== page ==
The Maryland Department of Health released the results of the 2021-2022 Maryland Youth Risk Behavior Survey and Youth Tobacco Survey (YRBS/YTS) today. The report, which includes both summary and county-level middle and high school data, found that while substance use declined, mental health challenges and increased stressors greatly during the pandemic.
For the first time, the survey addressed mental health status, COVID-19, screen time, disability, and additional information on adverse childhood experiences. Survey findings show that the COVID-19 pandemic greatly affected the mental health of Maryland youth. The survey also finds a reduction in the use of tobacco products, alcohol, and marijuana for high school students. However, there was an increase in alcohol initiation and prescription drug misuse at the middle school level.
“While we see some encouraging results, there is clear data indicating a need for continued comprehensive approaches to support mental health and limit tobacco, alcohol, and drug use,” said MDH Secretary Dr. Laura Herrera Scott. “Now that students have returned to schools after navigating arduous challenges heightened by the pandemic, we can address findings through youth-centered health programming, education and outreach.”
School-based services that promote mental health support and positive childhood experiences are critical for students. MDH continues to expand youth-specific crisis services across the state including through the Mobile Response and Stabilization Services intervention for children and caregivers in the early phase of a crisis, and the 988 Suicide & Crisis Lifeline for anyone experiencing a mental health or substance use crisis, having thoughts of suicide, or being worried about someone who may need crisis support.
Other findings from the 2021-2022 Maryland YRBS/YTS show:
More than one-third of middle (37%) and high school (39%) students reported feeling sad or hopeless for at least two weeks or more within the past year, with 29% of high school students and 23% of middle school students reporting that their mental health was not good most of the time or always. Female students were significantly more likely to report feeling sad or hopeless or that their mental health was not good compared to male students. Nationally, nearly 60% of female students experienced persistent feelings of sadness or hopelessness according to the Centers for Disease Control and Prevention (CDC) YRBS 2021 youth data summary and trends report.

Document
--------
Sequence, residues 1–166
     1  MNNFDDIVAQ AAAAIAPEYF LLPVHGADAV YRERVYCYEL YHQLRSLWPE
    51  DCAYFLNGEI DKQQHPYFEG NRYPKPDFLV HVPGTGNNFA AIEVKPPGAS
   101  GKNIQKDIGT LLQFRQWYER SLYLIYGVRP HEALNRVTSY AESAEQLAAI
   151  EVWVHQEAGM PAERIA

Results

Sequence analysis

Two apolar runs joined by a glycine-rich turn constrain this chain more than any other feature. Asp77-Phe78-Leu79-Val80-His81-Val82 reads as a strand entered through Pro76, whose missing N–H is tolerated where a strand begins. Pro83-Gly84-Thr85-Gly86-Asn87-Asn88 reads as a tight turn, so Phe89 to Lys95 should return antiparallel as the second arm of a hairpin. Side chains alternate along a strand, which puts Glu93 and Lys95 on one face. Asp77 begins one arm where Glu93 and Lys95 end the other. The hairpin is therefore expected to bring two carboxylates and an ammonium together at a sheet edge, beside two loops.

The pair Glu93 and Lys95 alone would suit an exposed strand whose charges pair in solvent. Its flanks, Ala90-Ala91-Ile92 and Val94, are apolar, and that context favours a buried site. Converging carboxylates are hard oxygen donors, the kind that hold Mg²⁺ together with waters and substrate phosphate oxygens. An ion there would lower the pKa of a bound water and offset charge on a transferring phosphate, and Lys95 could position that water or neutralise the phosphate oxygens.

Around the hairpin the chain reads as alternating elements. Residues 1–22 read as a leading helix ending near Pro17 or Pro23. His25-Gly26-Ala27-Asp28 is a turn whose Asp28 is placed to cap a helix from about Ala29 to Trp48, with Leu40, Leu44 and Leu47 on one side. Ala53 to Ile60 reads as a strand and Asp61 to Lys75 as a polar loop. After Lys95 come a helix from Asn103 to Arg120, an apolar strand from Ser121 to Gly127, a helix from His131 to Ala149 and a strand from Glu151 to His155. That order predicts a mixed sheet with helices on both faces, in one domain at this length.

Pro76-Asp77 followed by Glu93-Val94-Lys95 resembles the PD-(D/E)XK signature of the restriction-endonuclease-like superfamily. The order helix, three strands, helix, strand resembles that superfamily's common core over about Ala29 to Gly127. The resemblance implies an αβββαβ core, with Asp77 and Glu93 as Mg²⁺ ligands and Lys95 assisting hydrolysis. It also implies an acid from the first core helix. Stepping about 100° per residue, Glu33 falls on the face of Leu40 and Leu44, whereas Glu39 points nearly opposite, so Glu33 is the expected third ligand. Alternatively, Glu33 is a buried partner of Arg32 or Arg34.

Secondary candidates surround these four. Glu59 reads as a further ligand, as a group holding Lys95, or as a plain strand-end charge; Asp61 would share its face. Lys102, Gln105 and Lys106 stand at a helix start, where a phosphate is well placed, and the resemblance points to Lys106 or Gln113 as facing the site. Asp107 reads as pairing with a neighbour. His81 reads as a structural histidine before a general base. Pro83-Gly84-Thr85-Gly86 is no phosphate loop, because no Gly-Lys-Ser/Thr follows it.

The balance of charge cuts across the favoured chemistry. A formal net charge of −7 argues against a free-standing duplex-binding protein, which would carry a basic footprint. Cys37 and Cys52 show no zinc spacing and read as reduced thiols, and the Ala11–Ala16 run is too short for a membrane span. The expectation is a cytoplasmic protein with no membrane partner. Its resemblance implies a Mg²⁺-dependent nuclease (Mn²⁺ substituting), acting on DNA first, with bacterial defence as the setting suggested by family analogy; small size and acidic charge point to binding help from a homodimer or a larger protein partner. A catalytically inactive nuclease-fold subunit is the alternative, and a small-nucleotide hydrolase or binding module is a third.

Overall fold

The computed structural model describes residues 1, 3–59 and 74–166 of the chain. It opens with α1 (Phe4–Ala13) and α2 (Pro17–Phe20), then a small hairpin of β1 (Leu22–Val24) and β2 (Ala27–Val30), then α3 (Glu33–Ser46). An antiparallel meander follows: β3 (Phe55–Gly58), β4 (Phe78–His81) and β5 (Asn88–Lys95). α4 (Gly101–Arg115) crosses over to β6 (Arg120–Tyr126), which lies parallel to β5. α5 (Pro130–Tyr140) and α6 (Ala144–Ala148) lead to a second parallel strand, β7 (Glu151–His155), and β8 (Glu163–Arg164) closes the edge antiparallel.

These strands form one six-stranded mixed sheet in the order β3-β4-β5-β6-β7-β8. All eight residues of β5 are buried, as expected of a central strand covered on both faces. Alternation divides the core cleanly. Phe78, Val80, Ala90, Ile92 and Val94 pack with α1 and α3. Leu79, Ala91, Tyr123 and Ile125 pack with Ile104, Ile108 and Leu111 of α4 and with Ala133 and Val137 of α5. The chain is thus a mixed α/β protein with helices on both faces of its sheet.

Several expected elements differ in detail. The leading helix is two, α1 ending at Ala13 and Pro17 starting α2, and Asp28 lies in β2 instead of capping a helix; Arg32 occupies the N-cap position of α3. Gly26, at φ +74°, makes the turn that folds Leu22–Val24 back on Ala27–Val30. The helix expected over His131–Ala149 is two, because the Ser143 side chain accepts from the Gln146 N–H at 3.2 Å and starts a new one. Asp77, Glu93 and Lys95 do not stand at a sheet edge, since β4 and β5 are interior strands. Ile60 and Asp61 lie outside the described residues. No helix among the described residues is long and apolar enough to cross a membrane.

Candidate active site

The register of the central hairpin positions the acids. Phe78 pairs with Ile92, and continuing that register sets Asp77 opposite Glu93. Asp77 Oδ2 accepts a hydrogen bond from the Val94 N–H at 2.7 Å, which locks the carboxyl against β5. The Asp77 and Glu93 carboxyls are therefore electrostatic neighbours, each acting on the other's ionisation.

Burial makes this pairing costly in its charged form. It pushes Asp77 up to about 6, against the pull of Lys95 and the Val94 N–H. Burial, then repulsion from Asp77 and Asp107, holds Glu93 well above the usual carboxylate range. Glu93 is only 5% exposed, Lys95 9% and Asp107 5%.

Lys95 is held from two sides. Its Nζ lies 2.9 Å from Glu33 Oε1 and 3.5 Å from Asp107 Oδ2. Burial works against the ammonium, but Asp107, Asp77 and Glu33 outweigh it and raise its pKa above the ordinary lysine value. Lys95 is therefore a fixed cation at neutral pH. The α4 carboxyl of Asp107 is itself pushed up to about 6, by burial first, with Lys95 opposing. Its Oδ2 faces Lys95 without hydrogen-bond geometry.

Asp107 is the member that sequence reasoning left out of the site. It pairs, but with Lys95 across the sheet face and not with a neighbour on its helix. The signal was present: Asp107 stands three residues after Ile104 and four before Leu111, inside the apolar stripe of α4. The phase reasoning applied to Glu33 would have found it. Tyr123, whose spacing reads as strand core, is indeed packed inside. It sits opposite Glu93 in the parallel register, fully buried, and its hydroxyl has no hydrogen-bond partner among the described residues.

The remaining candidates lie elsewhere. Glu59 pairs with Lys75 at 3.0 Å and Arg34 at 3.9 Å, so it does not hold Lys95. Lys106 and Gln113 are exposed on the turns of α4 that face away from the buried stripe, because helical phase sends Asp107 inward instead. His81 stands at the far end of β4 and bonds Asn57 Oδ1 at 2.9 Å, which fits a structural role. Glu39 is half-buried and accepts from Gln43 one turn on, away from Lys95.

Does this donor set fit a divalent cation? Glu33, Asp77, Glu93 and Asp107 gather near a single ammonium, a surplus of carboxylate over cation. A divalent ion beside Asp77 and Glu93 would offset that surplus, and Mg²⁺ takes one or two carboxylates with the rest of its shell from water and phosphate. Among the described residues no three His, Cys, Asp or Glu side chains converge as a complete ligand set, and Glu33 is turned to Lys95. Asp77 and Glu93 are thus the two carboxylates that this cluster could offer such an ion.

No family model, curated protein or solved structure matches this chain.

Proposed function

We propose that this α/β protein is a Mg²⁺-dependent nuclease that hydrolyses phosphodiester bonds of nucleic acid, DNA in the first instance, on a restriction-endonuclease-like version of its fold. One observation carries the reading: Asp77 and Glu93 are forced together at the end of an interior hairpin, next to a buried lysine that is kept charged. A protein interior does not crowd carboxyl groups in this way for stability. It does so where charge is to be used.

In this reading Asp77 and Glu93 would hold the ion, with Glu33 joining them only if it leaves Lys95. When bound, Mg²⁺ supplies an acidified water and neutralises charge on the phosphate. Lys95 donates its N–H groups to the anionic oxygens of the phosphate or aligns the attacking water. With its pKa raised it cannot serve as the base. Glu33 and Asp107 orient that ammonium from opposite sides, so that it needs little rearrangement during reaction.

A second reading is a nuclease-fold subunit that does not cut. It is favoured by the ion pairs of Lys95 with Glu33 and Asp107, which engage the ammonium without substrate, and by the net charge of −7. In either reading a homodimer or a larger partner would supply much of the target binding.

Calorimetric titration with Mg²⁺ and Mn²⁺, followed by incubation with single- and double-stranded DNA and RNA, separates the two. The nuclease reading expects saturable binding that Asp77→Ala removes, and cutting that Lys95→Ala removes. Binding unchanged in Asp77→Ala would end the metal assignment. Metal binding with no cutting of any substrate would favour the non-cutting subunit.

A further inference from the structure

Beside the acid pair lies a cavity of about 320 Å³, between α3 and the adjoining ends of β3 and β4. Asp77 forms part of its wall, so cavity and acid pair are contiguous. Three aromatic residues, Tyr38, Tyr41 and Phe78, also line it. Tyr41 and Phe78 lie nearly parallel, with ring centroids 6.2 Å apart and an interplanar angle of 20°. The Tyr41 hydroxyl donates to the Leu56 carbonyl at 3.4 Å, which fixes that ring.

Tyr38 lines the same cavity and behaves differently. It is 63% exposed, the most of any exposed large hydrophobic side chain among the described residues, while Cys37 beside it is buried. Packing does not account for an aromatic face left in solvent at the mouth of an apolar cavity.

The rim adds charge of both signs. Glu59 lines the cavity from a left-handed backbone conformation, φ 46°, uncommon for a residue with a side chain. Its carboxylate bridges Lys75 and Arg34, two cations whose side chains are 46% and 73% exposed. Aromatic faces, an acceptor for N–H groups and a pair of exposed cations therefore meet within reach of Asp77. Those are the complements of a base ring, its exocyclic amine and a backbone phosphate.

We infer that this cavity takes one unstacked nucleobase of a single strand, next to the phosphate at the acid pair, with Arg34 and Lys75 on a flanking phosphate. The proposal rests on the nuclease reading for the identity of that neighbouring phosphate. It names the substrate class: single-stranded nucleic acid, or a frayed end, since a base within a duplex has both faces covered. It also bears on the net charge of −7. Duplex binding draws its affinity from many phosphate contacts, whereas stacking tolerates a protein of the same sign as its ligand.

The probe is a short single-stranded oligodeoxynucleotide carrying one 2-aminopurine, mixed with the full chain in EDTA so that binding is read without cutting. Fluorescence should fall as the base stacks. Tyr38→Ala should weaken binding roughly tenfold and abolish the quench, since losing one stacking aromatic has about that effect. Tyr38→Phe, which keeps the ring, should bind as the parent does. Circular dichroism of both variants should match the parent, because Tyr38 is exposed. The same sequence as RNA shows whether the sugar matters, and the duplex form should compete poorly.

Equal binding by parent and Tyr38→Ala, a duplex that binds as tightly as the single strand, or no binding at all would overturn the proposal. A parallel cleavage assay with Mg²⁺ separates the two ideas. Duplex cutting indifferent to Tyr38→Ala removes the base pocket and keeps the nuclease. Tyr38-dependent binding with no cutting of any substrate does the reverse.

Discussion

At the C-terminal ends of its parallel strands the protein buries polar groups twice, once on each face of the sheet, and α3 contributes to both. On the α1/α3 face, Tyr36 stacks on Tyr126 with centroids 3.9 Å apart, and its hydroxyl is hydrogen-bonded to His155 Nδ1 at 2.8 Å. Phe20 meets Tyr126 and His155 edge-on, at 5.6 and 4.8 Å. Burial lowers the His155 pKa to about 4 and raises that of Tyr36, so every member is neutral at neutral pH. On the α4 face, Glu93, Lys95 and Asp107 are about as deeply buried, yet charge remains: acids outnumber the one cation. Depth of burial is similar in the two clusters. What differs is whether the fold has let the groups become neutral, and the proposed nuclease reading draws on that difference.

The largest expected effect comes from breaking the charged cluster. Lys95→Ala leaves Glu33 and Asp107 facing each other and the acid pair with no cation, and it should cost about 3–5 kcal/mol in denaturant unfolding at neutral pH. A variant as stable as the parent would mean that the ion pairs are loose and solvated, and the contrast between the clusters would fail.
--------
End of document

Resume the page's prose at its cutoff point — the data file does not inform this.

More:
High school students’ use of cigarettes (4%), cigars (3%), smokeless tobacco (3%), e-cigarettes (15%), alcohol (19%), and marijuana (15%) declined significantly from the previous survey year.
Middle school students reported increased prescription drug misuse from 7% in 2018 to 12% in 2021. Middle school students also reported an increase in alcohol initiation before the age of 11, up from 9% in 2018 to 10% in 2021.
Students identifying as LGBTQ+ were more likely to report more of the risk behaviors measured on the survey compared to their heterosexual (straight) and cisgender counterparts.
The Maryland YRBS/YTS is a CDC-sponsored survey that was conducted in the fall of 2021 among nearly 60,000 students in 366 public middle and high schools across the state. The survey tracks behaviors contributing to the leading causes of death and disability. Measures include alcohol, drug and tobacco use, sexual behaviors, unintentional injuries and violence, physical activity and dietary behaviors.
The MDH Student and Young Adult Resource Guide for Coping During COVID-19 provides an expansive and evolving list of behavioral health resources for Maryland youth tackling mental health and substance use issues. Parents and providers can explore Mental Health and Crisis Resources for Coping with Violence. The Maryland Tobacco Quitline provides FREE phone, web, and text message-based support to help people as young as age 13 to quit tobacco use, and youth ages 13-17 years can text “VAPEFREE” to 873-373 for support to quit vaping.
The full Maryland 2021-22 YRBS/YTS results, including state-level and jurisdiction-level data, are available here.